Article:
- Buyer's Guide
The reinvented 2011 Ford Explorer has started rolling off the line at Ford’s Chicago Assembly Plant, marking a new beginning for both the historic factory and the iconic SUV.
The Torrence Avenue plant has been extensively renovated to accommodate production of the new Explorer, and all employees have prepared for its launch by participating in extensive training programs.
“Ford is investing in American manufacturing, ensuring that the most important new products in the company’s lineup are built in the U.S. by UAW workers,” said Jim Tetreault, vice president of North America Manufacturing. “We are thrilled to bring 2011 Ford Explorer production to Chicago Assembly Plant along with the jobs and investment it provides to the region. We look forward to finding more opportunities for competitively growing our business and providing customers with capable, fuel-efficient, stylish, high-quality products.”
Ford Explorer – the vehicle that defined a segment 20 years ago with more than 6 million sold – has been reinvented for the 2011 model year, raising customers’ expectations of sport utility vehicle fuel efficiency, technology, capability and quality. The seven-passenger SUV also raises the bar on safety with a class-leading array of features including industry-first inflatable rear seat belts, Trinity front impact structure, AdvanceTrac with RSC (Roll Stability Control™) and Curve Control technology.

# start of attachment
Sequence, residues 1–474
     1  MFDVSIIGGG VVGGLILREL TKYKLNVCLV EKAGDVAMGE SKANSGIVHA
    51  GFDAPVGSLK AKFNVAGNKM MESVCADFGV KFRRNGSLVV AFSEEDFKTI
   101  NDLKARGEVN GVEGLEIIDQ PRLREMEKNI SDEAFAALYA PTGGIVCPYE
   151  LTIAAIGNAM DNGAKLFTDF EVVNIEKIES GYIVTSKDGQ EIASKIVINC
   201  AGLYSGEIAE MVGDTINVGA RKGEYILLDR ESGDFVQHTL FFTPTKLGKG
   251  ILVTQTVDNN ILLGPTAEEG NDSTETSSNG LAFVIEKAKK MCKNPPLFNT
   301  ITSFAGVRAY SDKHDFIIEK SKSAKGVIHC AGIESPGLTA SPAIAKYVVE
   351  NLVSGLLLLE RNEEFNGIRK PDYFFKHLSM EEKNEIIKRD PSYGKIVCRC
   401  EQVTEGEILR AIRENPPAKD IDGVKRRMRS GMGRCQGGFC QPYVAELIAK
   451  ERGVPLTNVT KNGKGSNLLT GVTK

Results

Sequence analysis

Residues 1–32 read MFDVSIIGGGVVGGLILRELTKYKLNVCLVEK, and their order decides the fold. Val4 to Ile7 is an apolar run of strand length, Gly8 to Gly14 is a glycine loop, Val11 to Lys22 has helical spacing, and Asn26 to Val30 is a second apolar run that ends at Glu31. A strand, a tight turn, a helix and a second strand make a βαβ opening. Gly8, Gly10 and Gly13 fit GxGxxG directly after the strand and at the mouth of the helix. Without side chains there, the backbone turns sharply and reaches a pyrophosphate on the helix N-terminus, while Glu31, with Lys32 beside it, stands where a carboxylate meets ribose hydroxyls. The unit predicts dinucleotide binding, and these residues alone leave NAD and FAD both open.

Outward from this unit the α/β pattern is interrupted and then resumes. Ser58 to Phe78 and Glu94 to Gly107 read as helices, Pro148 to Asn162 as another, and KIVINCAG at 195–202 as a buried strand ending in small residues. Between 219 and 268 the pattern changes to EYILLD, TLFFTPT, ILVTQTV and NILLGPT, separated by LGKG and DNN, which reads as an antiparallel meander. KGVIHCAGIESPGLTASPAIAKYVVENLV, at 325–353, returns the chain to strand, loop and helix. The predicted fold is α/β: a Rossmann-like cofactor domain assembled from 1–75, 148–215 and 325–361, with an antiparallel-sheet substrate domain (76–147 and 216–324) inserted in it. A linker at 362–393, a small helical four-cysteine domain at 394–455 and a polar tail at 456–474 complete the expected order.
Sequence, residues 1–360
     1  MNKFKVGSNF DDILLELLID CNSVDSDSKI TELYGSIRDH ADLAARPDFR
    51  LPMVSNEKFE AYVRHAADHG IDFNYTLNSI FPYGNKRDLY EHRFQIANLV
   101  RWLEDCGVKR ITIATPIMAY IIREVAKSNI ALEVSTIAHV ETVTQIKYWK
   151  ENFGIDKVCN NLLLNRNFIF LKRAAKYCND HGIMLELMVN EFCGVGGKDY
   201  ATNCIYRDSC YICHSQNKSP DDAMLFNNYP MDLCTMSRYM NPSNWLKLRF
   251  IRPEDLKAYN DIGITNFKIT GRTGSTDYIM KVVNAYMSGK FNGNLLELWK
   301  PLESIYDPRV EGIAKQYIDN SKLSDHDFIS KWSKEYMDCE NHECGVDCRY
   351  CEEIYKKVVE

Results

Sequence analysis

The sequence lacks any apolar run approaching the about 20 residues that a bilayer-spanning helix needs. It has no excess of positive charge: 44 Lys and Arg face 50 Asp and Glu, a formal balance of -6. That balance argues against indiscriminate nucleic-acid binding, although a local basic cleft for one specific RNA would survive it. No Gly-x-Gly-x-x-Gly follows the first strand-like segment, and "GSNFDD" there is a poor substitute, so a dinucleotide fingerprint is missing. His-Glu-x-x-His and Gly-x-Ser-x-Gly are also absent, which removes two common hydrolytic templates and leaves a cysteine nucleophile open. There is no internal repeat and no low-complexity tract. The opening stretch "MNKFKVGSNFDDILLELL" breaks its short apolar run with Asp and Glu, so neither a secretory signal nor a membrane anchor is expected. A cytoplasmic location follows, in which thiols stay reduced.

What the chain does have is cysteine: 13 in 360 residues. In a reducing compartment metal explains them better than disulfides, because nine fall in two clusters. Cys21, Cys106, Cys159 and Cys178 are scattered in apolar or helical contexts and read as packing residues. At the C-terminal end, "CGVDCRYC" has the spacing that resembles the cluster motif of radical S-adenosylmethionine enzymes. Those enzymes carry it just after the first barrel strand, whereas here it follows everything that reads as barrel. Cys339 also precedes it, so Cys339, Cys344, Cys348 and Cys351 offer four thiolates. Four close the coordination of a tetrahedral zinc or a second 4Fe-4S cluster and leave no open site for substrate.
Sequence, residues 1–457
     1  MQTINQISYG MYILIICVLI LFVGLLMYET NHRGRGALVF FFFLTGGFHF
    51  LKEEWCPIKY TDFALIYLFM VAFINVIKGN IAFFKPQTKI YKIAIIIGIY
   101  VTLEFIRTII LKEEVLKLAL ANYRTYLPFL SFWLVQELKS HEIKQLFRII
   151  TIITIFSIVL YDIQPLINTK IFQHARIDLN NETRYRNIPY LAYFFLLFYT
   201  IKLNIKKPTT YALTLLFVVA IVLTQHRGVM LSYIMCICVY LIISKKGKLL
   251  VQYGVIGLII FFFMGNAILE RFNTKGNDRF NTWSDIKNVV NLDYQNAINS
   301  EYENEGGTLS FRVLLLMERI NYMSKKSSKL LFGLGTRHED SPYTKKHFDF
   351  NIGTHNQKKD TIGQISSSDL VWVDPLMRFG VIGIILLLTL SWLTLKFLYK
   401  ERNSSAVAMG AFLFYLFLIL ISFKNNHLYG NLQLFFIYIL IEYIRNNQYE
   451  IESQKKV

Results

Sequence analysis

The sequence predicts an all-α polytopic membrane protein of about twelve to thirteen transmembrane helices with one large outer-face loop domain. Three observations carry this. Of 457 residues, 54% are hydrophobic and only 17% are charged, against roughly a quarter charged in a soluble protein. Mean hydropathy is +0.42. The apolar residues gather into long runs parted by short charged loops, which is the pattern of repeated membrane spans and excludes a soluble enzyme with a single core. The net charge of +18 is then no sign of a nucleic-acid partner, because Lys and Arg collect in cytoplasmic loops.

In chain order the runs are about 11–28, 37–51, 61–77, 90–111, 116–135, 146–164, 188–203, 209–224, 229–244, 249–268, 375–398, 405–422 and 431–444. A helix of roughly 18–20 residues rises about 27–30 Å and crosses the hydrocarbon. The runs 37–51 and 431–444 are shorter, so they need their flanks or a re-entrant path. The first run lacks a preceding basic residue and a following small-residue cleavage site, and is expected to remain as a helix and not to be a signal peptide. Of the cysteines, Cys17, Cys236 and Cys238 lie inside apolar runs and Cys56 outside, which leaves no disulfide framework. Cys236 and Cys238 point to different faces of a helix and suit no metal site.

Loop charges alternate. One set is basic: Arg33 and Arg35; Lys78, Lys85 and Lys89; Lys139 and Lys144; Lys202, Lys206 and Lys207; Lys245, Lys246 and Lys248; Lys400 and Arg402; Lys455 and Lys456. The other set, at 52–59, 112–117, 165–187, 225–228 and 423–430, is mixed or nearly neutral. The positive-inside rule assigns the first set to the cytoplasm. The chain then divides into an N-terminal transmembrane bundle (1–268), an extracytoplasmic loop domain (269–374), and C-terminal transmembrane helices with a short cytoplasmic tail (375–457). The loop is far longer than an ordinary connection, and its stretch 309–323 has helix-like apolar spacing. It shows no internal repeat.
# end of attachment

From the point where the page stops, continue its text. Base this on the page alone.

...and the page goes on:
The all-new Ford Explorer SUV offers best-in-class fuel economy from high-tech powertrains, featuring multiple enhancements to improve mechanical efficiency. Explorer comes standard with a powerful, fuel-efficient 3.5-liter V6 engine with twin independent variable camshaft timing (Ti-VCT). For customers wanting top SUV fuel economy, Explorer offers an optional 2.0-liter EcoBoost I-4 engine delivering V6 power with four-cylinder fuel efficiency.
Renovations, training ensure top quality for Ford Explorer
The next-generation Explorer is built at Chicago Assembly Plant on a flexible assembly line alongside the Ford Taurus and Lincoln MKS sedans. Ford’s $400 million investment includes approximately $180 million in manufacturing investments at the Chicago Assembly and nearby Chicago Stamping Plant and about $220 million for launch and engineering costs. Ford also added 1,200 new jobs to staff a second production shift at Chicago Assembly and increase production at Chicago Stamping.
The company’s investment at Chicago Assembly allowed for renovations to accommodate the all-new Explorer, which is wider and taller than the outgoing model. This meant Ford had to rework everything from vehicle carriers to the overhead clamshells that carry unfinished vehicles from one part of the line to another. Twenty new pieces of equipment, 175 electric tools and more than 70 rearranged workstations rounded out the enhancements.
All of these renovations were done without disrupting production of Taurus and MKS. In fact, in the 2010 J.D. Power and Associates Initial Quality Survey, which measures “Things Gone Wrong,” Taurus ranked highest within its segment. Taurus also ranked highest in its segment in the 2010 J.D. Power and Associates APEAL Survey, which measures “Things Gone Right.” Both are important third-party measures of quality and customer satisfaction.